eafy vegetables are the major source of nitrite intake in the human diet, and technological processing to control nitrite levels in harvested vegetables is necessary. In the current work, the effect of electrolyzed oxidizing water (EOW) on the nitrite and nitrate levels in fresh spinach during storage was studied. EOW treatment, including slightly acidic electrolyzed water and acidic electrolyzed water, was found to effectively reduce nitrite levels in fresh spinach during storage levels in the late period were 30 to 40% lower than that of the control. However, the nitrate levels in fresh spinach during storage were not influenced by EOW treatment. The reduction of nitrite levels in EOW-treated fresh spinach during storage can be attributed to the inactivation of nitrate reductase directly and to the reduction of bacterial populations. Our results suggest that treatment with slightly acidic electrolyzed water may be a better choice to control nitrite levels in fresh vegetables during storage. This study provided a useful method to reduce nitrite levels in fresh spinach.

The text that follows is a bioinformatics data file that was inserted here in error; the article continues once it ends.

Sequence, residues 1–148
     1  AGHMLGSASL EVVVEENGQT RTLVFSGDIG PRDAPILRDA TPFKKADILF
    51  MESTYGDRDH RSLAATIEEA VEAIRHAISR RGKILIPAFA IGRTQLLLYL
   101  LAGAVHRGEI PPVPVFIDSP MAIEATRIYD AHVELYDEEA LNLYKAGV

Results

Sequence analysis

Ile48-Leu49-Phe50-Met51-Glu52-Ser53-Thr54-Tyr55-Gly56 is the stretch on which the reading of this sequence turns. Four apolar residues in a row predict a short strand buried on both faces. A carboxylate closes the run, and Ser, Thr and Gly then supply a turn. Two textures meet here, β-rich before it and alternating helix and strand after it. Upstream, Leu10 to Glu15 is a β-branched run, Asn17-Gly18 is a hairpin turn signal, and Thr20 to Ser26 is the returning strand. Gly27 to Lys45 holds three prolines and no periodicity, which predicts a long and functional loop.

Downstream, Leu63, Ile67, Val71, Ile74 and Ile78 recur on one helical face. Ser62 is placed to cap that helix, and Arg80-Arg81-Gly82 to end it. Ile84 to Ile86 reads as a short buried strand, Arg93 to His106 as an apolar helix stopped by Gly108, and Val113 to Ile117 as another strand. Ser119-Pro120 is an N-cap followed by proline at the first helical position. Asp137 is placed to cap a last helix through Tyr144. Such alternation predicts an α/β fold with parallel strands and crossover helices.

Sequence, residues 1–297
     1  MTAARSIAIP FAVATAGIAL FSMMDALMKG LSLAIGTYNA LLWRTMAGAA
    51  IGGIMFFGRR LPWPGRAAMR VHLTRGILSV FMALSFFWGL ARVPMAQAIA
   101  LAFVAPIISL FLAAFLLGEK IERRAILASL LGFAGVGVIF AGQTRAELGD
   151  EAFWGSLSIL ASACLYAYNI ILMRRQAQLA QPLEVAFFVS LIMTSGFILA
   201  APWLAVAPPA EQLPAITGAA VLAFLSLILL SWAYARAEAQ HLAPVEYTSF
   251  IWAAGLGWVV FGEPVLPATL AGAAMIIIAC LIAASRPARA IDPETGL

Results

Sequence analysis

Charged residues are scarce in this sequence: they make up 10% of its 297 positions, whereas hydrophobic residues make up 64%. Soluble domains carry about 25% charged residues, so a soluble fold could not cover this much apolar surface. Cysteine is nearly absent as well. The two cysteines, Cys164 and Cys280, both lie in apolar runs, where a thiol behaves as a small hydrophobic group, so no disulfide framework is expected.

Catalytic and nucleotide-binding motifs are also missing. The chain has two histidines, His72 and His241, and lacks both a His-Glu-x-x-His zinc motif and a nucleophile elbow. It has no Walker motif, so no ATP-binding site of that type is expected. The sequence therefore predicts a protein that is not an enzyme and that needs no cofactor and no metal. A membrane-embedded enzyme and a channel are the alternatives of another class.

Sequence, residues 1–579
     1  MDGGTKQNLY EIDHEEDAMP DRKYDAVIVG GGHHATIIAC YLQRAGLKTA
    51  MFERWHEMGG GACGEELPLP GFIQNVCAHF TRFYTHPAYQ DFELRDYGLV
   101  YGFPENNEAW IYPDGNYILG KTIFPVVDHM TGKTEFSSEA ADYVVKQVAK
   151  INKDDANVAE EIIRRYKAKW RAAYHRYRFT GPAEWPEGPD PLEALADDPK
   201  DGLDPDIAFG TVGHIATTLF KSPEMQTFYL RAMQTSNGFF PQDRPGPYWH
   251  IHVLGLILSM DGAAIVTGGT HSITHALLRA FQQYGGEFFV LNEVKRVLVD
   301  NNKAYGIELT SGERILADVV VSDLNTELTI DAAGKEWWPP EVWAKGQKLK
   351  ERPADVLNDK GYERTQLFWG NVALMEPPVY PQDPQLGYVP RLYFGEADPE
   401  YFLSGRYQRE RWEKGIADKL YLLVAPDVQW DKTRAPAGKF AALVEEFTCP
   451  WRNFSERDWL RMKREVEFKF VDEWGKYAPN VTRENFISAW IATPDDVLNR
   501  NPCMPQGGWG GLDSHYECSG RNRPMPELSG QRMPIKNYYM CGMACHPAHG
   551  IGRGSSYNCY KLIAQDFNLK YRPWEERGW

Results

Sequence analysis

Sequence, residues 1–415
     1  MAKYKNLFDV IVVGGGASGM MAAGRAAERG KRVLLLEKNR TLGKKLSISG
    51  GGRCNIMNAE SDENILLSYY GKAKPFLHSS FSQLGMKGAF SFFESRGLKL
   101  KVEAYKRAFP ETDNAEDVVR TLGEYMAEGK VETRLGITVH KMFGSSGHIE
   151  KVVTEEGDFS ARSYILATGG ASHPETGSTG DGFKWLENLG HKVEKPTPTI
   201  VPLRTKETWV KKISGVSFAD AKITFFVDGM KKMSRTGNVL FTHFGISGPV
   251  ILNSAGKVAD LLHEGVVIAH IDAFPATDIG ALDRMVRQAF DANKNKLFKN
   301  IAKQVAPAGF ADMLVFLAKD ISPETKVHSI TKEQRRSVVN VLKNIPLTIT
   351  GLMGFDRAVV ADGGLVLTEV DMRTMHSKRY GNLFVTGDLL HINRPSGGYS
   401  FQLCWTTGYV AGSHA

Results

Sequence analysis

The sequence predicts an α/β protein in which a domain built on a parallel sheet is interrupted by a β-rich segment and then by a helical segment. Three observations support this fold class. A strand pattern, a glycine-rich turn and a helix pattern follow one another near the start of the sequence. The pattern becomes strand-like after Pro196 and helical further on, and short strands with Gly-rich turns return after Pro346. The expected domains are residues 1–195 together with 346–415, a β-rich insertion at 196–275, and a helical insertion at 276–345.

In the present study, the disinfection efficacy on fresh-cut cilantro of the combination of strongly acidic electrolyzed water (AcEW) and alkaline electrolyzed water (AlEW) was evaluated, in comparison with single slightly acidic electrolyzed water (SAEW) and single AcEW treatments. The populations of E. Coli O78 on inoculated cilantro treated by AlEW 5 min + AcEW 5 min, was not detected while 3.43 and 3.73 log10 CFU/g in the AlEW 2.5 min + AcEW 2.5 min and AcEW 2 min + AlEW 2 min + AcEW 2 min treatments respectively. Our results implied that the bactericidal abilities of the combination of AlEW and AcEW treatments were higher than that of single AcEW and SAEW, which also was demonstrated microscopically by scanning electron microscopy (SEM). Moreover, the efficacy of combination of AcEW and AlEW in reducing natural micro flora on fresh-cut cilantro was also evaluated compared with single AcEW and SAEW. The results showed that the combination of AlEW and AcEW had stronger sterilization ability than single AcEW and SAEW. Considering the utilizations of AlEW and disinfection efficacy, we suggest that the combination of AlEW and AcEW may also be a better choice in fresh-cut produce.